Using an error-correction model (ECM) framework, the authors attempt to quantify the degree of disequilibrium in Canadian housing stock over the period 1961–2008 for the national aggregate and over 1981–2008 for the provinces.
In recent years, the Canadian economy has been affected by strong movements in relative prices brought about by the surging costs of energy and non-energy commodities, with significant implications for the terms of trade, the exchange rate, and the allocation of resources across Canadian sectors and regions.
A number of central banks publish their own business conditions survey based on non-random sampling methods. The results of these surveys influence monetary policy decisions and thus affect expectations in financial markets. To date, however, no one has computed the statistical accuracy of these surveys because their respective non-random sampling method renders this assessment non-trivial.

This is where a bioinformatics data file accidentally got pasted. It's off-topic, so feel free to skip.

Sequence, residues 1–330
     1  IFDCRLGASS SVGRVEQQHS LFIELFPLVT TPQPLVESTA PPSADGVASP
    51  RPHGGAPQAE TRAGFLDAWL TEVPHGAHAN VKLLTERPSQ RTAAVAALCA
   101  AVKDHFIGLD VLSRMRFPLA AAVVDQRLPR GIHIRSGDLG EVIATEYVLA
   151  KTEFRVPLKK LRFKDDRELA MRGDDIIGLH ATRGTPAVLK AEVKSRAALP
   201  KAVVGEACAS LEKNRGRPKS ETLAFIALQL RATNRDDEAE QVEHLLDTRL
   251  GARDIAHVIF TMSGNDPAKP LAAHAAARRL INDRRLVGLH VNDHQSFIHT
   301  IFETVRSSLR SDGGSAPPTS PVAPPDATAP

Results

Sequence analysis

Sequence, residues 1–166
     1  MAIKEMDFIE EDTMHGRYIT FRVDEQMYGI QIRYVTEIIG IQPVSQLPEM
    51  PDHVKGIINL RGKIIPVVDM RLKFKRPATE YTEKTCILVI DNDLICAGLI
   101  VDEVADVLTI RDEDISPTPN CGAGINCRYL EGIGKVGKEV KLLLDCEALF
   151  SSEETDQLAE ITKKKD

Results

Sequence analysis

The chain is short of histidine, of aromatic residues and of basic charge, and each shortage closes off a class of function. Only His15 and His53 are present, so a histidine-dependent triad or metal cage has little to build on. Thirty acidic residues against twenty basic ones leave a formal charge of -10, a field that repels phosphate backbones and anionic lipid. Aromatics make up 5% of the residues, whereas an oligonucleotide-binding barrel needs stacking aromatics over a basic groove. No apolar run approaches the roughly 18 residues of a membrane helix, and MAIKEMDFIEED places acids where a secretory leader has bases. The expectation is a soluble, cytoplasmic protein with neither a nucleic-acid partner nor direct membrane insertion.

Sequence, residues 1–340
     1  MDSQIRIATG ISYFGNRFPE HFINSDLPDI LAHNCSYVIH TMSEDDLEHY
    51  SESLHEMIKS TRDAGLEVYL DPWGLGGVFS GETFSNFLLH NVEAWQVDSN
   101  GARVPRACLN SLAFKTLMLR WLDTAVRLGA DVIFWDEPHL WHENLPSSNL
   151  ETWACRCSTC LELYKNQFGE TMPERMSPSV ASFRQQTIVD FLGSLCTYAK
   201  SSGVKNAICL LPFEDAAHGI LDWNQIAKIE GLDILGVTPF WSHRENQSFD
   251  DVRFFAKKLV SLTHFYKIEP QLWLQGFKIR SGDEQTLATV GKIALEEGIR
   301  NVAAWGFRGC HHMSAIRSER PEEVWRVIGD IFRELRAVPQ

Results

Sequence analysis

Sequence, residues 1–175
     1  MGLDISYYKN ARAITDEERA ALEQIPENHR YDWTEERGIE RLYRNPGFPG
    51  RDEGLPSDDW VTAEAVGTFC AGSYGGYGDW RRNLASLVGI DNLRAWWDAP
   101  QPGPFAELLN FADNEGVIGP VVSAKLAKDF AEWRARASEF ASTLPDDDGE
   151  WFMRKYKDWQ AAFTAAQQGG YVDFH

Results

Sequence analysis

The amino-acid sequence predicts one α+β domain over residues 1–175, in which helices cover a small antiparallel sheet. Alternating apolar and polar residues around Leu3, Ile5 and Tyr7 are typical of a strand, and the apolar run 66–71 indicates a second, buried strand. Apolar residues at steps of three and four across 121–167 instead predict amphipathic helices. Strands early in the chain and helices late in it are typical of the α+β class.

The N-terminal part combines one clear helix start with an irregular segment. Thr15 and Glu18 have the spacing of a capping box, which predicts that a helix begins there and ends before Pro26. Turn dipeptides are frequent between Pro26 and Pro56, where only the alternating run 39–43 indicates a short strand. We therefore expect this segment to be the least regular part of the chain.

Although the standard of living of Canadians has improved as a result of terms-of-trade gains created by the sharp rise in real commodity prices over the past five years or so, the commodity-price increase, combined with an exchange rate appreciation and real income gain, triggered structural adjustments by altering underlying economic incentives. The frictions generated in adjusting to the relative price shock have likely contributed to hold back aggregate productivity growth. Dupuis and Marcil examine the structural adjustments that have been required-in particular, the resource reallocation among the different sectors of the economy-and its effects on employment, output, and productivity, as well as the responses of final domestic demand and external trade flows.